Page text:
UEFA's chief refereeing officer Pierluigi Collina talked about the huge challenge facing the 12 match officials at UEFA EURO 2012 and the key to the art of refereeing. As one of the most recognisable figures in football during his days refereeing at the pinnacle of the European and world game, there is no one more qualified to dispense advice to the men taking charge at UEFA Euro 2012 than Pierluigi Collina. The 52-year-old, who acts as UEFA's chief refereeing officer, knows more than most in the modern game about the art of officiating football matches and stressed to UEFA.com the important role the 12 men who will take charge at the finals will play. With a lifetime of experience at the highest level behind him, the distinctive Collina made it clear that anticipation is the key to cracking the refereeing code. "The referee has to predict, he has to be aware of what can happen maybe one second later," he said. "This is the best way to be ready to make a decision. If you are surprised by something, you are very probably wrong. If you know that something can happen, you are ready; it's very probable that you will be right. So this is the main difference." The relationship between player and referee is at the heart of the message that the Italian is hoping to get across to the current crop of men in the middle; a message of trust which he believes will improve performance for participants on both sides of the divide in Poland and Ukraine this summer.
Pierluigi Collina has also been answering questions from around the world via Facebook and Twitter. The 52-year-old Italian is currently deploying his vast experience as UEFA's chief refereeing officer, but found time to reveal the biggest influence on his career, the best goal he saw live and the stadium in which he dreamt of refereeing.
- Have you ever felt intimidated after giving your decision for a goal, card, etc.?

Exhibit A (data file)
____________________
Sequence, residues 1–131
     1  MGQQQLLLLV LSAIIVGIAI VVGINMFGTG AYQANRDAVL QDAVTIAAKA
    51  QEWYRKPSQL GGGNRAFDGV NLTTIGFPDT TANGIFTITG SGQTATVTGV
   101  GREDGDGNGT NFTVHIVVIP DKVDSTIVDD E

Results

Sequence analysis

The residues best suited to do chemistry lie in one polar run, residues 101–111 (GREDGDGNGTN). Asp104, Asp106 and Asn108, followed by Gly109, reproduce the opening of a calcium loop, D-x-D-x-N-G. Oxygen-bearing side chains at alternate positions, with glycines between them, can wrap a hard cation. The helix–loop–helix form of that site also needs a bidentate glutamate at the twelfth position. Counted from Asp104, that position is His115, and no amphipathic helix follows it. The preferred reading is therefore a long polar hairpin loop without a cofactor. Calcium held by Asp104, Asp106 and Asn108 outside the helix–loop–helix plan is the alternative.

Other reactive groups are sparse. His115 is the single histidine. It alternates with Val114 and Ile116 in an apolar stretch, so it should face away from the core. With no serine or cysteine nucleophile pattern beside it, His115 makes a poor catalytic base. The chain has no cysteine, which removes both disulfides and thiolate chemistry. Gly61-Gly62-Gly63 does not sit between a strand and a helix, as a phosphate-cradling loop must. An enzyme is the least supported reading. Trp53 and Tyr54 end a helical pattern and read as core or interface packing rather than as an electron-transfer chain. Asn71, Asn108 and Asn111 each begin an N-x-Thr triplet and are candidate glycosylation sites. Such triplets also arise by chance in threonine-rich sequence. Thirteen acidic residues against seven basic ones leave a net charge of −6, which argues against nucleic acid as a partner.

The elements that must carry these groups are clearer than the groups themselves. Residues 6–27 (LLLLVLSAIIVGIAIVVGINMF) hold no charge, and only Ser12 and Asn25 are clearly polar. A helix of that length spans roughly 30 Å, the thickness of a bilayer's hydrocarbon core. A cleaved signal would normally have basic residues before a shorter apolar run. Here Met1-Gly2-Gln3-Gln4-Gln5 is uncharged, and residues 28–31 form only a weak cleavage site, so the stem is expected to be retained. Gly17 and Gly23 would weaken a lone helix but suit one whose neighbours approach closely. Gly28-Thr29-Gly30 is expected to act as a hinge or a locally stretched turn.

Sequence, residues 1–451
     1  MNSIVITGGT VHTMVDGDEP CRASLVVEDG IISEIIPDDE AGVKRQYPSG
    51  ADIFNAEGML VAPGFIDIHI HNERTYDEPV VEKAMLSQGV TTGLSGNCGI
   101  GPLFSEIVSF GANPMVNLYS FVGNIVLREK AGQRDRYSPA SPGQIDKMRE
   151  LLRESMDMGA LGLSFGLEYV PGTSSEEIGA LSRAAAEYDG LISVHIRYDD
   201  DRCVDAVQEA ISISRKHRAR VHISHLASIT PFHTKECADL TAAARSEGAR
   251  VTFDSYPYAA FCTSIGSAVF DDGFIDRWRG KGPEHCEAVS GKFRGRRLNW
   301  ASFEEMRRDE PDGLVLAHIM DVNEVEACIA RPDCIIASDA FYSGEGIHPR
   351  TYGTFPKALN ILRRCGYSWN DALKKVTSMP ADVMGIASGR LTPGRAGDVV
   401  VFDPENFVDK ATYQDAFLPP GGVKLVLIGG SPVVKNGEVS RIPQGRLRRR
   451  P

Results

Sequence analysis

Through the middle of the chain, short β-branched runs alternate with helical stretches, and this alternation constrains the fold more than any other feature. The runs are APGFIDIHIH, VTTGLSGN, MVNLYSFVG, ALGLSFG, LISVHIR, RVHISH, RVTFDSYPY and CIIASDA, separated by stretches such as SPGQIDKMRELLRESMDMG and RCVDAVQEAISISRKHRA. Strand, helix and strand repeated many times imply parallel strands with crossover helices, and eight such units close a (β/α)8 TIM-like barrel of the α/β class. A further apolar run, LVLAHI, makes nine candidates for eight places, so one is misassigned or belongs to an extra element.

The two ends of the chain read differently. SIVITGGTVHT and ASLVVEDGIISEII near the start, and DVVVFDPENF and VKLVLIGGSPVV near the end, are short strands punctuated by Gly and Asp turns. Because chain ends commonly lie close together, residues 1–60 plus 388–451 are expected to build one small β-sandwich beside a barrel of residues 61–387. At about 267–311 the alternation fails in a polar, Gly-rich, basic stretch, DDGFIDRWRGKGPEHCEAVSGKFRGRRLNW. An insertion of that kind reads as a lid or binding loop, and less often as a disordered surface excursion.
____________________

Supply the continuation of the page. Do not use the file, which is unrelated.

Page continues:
- No. It's not easy to intimidate me. I am joking, of course!
- What was the most ridiculous excuse a player offered you to stop you booking him for a foul?
- Sometimes players are very creative in finding an excuse. I will write a book sooner or later to mention some of the excuses but some of them were very funny.
- What advice would you give to a young aspiring referee looking to replicate your success in refereeing?
- I don't think someone should aim to replicate what someone else has done, everyone should be themselves. The only way to reach the top in football as a referee is to work hard and be ready to make big sacrifices because this is the only way to be successful and achieve success.
- Is there a stadium in the world that you wish you could have refereed at but never got the chance?
- There are some but I have been very lucky because I have been in some wonderful stadiums. I never refereed at La Bombonera in Buenos Aires, but I have seen Boca matches and the emotion at the stadium is very intense. So probably this is the one where I dreamt of refereeing.
- What is the best goal that you witnessed someone score in a game you were refereeing, Ronaldinho at Stamford Bridge?
- Live, the one that probably impressed me most was Ronaldinho at Stamford Bridge. The match was Chelsea v Barcelona and he scored in a very strange way using the point of his foot to find the corner of the goal from outside the penalty area. He shot when nobody was expecting it so this was one of the best.
- What do you think is the biggest challenge for the referees in the next five years?
- Football is changing and becoming faster. It's also becoming more difficult for the referees. So the challenge is to be educated to this standard, to continue or to try to be at the same standard. It will not be easy but the referees will do it.